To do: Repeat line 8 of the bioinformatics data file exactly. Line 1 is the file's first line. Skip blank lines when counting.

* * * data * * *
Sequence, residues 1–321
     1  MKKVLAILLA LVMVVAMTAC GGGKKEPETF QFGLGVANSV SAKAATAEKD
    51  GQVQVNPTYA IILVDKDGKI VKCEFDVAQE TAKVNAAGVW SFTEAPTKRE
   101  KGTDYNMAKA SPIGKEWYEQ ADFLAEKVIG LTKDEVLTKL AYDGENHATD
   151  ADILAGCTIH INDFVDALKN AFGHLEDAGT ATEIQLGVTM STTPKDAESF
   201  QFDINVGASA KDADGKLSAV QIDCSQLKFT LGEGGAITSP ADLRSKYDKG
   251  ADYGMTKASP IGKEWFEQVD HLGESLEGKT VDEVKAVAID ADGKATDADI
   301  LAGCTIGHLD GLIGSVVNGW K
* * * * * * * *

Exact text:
   301  LAGCTIGHLD GLIGSVVNGW K